During this time of crisis, we are all finding that our world has suddenly changed. We no longer have our “normal” lives.
We’ve been through things before, hurricanes, 911, death, disease, wildfires, but we have never been through something this big or this personal together.
Whenever there are floods, or wars, or tsunamis, we feel bad, but removed from the real tragedy. We may send money, or even go help with the cleanup, but we can always come home, go back to our jobs, churches, schools, or whatever is our normal.
This is a whole new ball game. We are faced with the unknown. Will we be able to keep our jobs, homes, lifestyle? But a bigger question should be, who do we know that won’t make it through this? That is the question that keeps me awake at night.
I have been watching countless news reports of kids on spring break, basically thumbing their noses at everyone, saying they aren’t going to let some silly pandemic stop them from partying. Who’s to say their parents, or grandparents will survive if they bring back the virus? What about that kid down the street who struggles to breathe without a killer virus?
I’m not here to judge, or drone on and on about what we should or shouldn’t be doing. I’m just hoping we will all take a breath. Pause, tune out all the noise, and focus on what is really important here.
I had to make myself stop looking at the numbers. They alone can be terrifying, but I realized the numbers aren’t true anyway. At least not here in my small corner of the world. The county has asked us to not be tested unless we are ready to be hospitalized. What? So, I can just assume that I have it if I feel sick, and hope I haven’t spread it to vulnerable people?
I realized something else. I was holding my breath. Not literally, but figuratively. I’m not sure why, maybe hoping we would be immune here in the middle of nowhere. That’s not possible though, because we have become world travelers, a global community they call it.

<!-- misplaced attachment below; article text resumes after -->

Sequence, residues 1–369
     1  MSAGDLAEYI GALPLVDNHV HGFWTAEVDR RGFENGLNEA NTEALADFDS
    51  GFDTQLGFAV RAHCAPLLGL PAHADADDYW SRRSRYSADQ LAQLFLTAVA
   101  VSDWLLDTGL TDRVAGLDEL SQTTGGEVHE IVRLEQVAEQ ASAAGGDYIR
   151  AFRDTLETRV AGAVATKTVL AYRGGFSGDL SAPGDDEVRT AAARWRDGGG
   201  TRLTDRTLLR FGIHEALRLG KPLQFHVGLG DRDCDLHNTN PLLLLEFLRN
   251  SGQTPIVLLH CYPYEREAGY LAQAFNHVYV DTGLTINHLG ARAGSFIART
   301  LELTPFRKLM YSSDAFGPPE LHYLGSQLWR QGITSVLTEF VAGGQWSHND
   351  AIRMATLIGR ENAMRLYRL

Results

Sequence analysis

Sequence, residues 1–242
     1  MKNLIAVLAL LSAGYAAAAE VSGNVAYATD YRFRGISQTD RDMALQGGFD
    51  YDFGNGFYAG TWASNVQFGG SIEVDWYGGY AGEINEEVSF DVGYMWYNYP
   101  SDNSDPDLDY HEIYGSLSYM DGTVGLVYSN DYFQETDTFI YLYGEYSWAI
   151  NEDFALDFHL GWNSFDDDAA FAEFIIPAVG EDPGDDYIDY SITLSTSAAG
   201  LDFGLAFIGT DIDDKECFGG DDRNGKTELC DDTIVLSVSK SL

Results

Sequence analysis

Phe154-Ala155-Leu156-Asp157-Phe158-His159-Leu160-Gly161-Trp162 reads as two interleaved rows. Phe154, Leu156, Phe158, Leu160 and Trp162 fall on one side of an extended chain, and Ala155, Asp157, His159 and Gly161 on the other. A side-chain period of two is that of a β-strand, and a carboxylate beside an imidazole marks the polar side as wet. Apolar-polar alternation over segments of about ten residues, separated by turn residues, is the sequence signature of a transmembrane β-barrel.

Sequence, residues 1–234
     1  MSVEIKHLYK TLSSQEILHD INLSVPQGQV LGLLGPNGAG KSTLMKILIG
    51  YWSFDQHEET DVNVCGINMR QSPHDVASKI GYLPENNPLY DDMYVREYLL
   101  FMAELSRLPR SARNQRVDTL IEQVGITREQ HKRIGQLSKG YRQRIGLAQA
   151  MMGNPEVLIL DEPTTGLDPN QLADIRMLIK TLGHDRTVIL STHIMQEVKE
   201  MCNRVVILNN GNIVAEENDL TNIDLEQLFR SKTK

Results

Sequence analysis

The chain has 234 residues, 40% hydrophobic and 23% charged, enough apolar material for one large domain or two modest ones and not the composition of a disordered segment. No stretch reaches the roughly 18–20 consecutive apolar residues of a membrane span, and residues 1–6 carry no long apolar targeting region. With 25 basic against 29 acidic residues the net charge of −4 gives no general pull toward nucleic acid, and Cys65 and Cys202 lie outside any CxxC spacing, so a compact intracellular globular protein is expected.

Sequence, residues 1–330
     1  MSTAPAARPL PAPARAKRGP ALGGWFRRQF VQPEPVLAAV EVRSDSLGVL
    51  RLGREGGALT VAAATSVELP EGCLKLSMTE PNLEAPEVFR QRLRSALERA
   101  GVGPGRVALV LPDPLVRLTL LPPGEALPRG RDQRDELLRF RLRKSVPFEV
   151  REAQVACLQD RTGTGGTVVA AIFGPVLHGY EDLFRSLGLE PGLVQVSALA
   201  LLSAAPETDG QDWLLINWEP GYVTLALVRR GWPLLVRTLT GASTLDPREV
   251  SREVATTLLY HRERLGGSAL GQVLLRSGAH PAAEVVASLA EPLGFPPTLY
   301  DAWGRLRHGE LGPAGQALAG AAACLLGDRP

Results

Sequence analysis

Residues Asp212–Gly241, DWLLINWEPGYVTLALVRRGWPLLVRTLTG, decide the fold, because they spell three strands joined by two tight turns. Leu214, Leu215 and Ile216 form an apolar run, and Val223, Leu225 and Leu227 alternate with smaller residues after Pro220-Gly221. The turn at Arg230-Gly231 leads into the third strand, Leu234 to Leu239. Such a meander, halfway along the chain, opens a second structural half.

Some good things have come from this. We might just be grateful for all the things we do have. Seriously, when was the last time you were excited to see there was T.P. and milk in the store at the same time? I had a friend who immigrated here from Hungary and going through the grocery store with him was a real trip. He couldn’t get over how much fresh produce we had, or the choices of different products that we all took for granted every day.
I’ve seen groups crop up on Facebook to help others. People are giving things without expecting anything in return. Folks are checking on their elderly neighbors. Customers are saying thank you to the harried store clerks.
Let’s face it, our lives are going to change, whether we want them to or not. We are going to have to learn how to be kind, loving, forgiving and united. Let’s make that the new norm, even if we don’t get everything on our list or not.
What a blessing to be able to live in a time where we are forced to slow down, spend time at home with our families, look each other in the face and be truly thankful for all we still have.
Stay well my friends, send love out there as much as possible and know God is in control, no matter what happens.
“Do not be anxious about anything, but in everything, by prayer and petition, with thanksgiving, present your request to God. And the peace of God, which transcends all understanding, will guard your hearts and minds in Christ Jesus.” Philippians 4:6-7
Peace, love, and health,